asthma; guideline adherence; implementation; knowledge translation; patient education as topic; primary care
Clinical Guidelines are a major tool for improving the quality of medical
care. Currently, a major research direction is automating the application
of guidelines at the point of care. To support that automation, several
requirements must be fulfilled, such as specification in a machine-interpretable
format, and connection to an electronic patent record. We
propose an innovative approach to guideline application, which
capitalizes on our Digital electronic Guidelines Library (DeGeL). The DeGeL framework includes a new hybrid model for incremental specification
of free-text guidelines, using several intermediate representations. The
new approach was implemented, in the case of the Asbru guideline
ontology, as the Spock system. Spock’s hybrid application engine supports application
of guideline represented at an intermediate format. Spock was evaluated
in a preliminary fashion by applying several guidelines to sample patient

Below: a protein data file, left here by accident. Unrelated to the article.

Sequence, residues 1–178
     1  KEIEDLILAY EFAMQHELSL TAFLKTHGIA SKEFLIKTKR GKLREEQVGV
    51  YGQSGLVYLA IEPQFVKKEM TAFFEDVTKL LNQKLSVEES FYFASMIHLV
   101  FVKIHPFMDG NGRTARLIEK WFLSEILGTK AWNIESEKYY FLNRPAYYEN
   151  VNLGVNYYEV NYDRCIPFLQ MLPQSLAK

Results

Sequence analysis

Antiplatelet therapy is an evidence-based, guideline-recommended, worldwide standard of care for treatment of patients with atherothrombosis. However, clinical implementation of the guidelines is suboptimal, in part because of physician and patient nonadherence. The increased risk of bleeding associated with antiplatelet therapy is often the reason for nonadherence, and several programs have been created to increase adherence to guideline treatment recommendations. Despite the relative success of such initiatives, including Can Rapid Risk Stratification of Unstable Angina Patients Suppress Adverse Outcomes With Early Implementation of the ACC/AHA Guidelines, Guidelines Applied in Practice, and the American Heart Association's Get With the Guidelines and a Science Advisory, a current estimate is that less than 50% of atherothrombotic patients are taking antiplatelet therapies as recommended by national guidelines. A PubMed and MEDLINE search of the literature (January 1, 1983-May 15, 2008) was performed to examine the bleeding risks associated with various antiplatelet therapies. Relevant clinical trials, observational registry data, and other studies relevant to treatment and guideline recommendations were selected from articles generated through specific search terms. This comprehensive review contributes to the understanding of the benefit-to-risk ratio of antiplatelet therapy for patients with atherothrombosis.